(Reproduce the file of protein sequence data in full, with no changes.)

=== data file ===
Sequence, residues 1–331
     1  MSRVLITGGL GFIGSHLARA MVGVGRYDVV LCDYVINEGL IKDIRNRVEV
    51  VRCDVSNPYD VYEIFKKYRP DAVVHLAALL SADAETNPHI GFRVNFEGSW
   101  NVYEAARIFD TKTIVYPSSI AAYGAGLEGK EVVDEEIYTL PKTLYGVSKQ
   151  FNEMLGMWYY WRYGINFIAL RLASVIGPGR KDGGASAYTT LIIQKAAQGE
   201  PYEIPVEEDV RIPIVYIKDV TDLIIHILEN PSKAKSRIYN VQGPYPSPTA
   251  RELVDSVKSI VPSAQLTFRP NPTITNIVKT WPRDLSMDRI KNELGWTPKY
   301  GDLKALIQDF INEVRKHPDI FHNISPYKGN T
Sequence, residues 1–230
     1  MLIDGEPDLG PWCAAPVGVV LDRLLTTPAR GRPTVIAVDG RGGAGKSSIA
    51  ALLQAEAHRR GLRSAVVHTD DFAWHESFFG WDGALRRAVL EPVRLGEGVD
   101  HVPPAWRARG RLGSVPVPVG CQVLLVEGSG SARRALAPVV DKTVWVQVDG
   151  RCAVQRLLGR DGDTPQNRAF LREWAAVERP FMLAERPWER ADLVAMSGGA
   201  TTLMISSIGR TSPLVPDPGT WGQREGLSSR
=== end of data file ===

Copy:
Sequence, residues 1–331
     1  MSRVLITGGL GFIGSHLARA MVGVGRYDVV LCDYVINEGL IKDIRNRVEV
    51  VRCDVSNPYD VYEIFKKYRP DAVVHLAALL SADAETNPHI GFRVNFEGSW
   101  NVYEAARIFD TKTIVYPSSI AAYGAGLEGK EVVDEEIYTL PKTLYGVSKQ
   151  FNEMLGMWYY WRYGINFIAL RLASVIGPGR KDGGASAYTT LIIQKAAQGE
   201  PYEIPVEEDV RIPIVYIKDV TDLIIHILEN PSKAKSRIYN VQGPYPSPTA
   251  RELVDSVKSI VPSAQLTFRP NPTITNIVKT WPRDLSMDRI KNELGWTPKY
   301  GDLKALIQDF INEVRKHPDI FHNISPYKGN T
Sequence, residues 1–230
     1  MLIDGEPDLG PWCAAPVGVV LDRLLTTPAR GRPTVIAVDG RGGAGKSSIA
    51  ALLQAEAHRR GLRSAVVHTD DFAWHESFFG WDGALRRAVL EPVRLGEGVD
   101  HVPPAWRARG RLGSVPVPVG CQVLLVEGSG SARRALAPVV DKTVWVQVDG
   151  RCAVQRLLGR DGDTPQNRAF LREWAAVERP FMLAERPWER ADLVAMSGGA
   201  TTLMISSIGR TSPLVPDPGT WGQREGLSSR